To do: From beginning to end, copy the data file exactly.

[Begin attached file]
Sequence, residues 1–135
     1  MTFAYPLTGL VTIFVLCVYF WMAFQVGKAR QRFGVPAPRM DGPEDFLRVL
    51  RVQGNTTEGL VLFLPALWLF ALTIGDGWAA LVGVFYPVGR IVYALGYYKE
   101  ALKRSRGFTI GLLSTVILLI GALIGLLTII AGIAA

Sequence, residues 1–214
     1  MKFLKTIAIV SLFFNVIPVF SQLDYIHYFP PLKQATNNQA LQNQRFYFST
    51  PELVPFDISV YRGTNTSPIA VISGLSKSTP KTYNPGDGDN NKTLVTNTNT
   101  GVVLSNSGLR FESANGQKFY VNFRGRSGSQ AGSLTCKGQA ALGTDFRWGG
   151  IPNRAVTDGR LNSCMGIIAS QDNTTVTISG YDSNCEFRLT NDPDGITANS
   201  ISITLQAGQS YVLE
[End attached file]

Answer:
Sequence, residues 1–135
     1  MTFAYPLTGL VTIFVLCVYF WMAFQVGKAR QRFGVPAPRM DGPEDFLRVL
    51  RVQGNTTEGL VLFLPALWLF ALTIGDGWAA LVGVFYPVGR IVYALGYYKE
   101  ALKRSRGFTI GLLSTVILLI GALIGLLTII AGIAA

Sequence, residues 1–214
     1  MKFLKTIAIV SLFFNVIPVF SQLDYIHYFP PLKQATNNQA LQNQRFYFST
    51  PELVPFDISV YRGTNTSPIA VISGLSKSTP KTYNPGDGDN NKTLVTNTNT
   101  GVVLSNSGLR FESANGQKFY VNFRGRSGSQ AGSLTCKGQA ALGTDFRWGG
   151  IPNRAVTDGR LNSCMGIIAS QDNTTVTISG YDSNCEFRLT NDPDGITANS
   201  ISITLQAGQS YVLE